In the past, I thought that as long as I was happy, it's fine. I pushed my son [to excel in his studies]. But luckily, he [was the type that] could be pushed. But not every kid is the same, you know. Everyone is different.
So for your youngest, you give him more 'freedom'?
I'll still monitor him 'cos at this age, there's a lot of things you wouldn't know. So I'll still tell him, and explain to him [that] there's still a lot of homework to be done (laughs). You'll know in the future.
That sounds scary.
It's not scary, but it's challenging (laughs).
Does your youngest son have any dream school in mind? Maybe he wants to go to the same school as his older brothers?
(laughs) He won't be able to go to the same school [as his older brothers].
No lah, actually... his dream school? I'll just listen to whatever he says. I'll tell him: "Don't come and tell me your dream school. If you want that dream school, then you have to work for it." That's the truth. It's not that I'm denying his dreams or that I think he's not capable of doing it, but I think that there's nothing that you can achieve without putting in the hard work beforehand. It's not that easy.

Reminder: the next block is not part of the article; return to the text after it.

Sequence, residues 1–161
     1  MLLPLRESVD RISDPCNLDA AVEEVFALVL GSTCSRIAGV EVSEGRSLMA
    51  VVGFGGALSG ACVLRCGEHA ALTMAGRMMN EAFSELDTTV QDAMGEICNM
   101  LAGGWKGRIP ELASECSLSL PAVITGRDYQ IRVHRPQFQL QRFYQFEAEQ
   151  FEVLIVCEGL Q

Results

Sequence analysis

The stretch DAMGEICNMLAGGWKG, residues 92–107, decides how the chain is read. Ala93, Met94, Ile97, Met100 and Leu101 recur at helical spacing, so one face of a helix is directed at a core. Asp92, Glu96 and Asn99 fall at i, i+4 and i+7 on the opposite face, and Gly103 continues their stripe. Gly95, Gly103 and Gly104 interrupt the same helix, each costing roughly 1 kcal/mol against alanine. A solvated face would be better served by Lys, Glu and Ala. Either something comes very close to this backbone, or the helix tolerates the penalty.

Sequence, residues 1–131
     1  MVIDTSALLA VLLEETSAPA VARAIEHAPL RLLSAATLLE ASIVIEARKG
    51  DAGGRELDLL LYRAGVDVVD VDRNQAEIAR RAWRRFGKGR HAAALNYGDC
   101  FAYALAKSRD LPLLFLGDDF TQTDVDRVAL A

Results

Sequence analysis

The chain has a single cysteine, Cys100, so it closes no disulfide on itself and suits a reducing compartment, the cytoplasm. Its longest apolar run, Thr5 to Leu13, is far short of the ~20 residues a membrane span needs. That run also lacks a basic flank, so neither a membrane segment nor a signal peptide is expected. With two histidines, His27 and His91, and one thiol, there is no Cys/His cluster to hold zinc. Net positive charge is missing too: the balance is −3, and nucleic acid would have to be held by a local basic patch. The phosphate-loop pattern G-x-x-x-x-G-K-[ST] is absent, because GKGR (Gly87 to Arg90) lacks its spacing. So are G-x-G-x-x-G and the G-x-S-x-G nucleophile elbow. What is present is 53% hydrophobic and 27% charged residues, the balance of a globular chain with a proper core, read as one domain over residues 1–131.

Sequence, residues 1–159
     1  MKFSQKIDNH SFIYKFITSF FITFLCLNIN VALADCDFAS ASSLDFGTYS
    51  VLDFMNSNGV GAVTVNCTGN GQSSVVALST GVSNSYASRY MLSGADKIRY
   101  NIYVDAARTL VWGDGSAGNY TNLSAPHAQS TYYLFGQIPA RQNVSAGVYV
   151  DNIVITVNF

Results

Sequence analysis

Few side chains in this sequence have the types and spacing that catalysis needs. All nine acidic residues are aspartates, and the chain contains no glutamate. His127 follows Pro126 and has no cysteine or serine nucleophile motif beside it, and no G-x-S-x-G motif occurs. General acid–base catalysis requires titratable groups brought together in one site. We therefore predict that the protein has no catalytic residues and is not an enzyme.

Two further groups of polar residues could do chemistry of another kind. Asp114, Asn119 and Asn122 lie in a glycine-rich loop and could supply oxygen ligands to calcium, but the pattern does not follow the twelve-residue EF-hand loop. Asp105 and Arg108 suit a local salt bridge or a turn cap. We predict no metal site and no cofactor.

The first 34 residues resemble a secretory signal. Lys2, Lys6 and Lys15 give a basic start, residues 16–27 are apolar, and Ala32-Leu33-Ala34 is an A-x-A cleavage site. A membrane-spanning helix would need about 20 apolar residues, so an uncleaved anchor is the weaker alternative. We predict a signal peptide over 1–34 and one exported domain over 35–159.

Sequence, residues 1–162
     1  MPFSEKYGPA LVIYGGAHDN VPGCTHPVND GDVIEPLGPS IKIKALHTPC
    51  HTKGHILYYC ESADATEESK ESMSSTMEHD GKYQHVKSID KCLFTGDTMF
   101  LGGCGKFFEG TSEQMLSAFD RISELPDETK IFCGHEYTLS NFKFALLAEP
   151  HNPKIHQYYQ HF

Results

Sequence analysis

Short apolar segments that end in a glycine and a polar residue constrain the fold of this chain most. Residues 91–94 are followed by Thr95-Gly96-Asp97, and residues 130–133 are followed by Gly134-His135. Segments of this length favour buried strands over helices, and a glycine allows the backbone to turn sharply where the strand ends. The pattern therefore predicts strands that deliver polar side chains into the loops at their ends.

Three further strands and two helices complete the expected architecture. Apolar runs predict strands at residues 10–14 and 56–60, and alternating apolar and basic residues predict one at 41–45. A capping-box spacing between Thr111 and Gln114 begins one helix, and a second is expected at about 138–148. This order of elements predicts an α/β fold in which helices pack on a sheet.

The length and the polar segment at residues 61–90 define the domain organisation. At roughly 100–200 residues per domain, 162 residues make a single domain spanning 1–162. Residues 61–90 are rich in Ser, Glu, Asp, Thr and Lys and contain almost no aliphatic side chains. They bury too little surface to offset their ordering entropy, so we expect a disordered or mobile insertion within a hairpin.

At the end of the day, he still has to put in the work, right?
Of course. That's the case for everything. Sometimes, I think examinations are a good thing 'cos you can teach the children about life as well.
In life, a lot of times, there are all these challenges. And after putting in all the effort [maybe you'll find that] it's actually not so bad. Or maybe you'll find out that you're not good enough, or that you didn't put in enough effort.
He has to realise that himself. I think that's more important to me, when it comes to teaching my kids. In the past, I wanted to see numbers. But now, the effort, and my [parenting] philosophy is different. The way I teach my kids has changed.
The NC16 version of Dark Angel is available on meWATCH here. The PG version will air on Channel 8 from Sep 12, 9pm. You can catch the first episode below.
Photos: Mediacorp, Zoe Tay/Instagram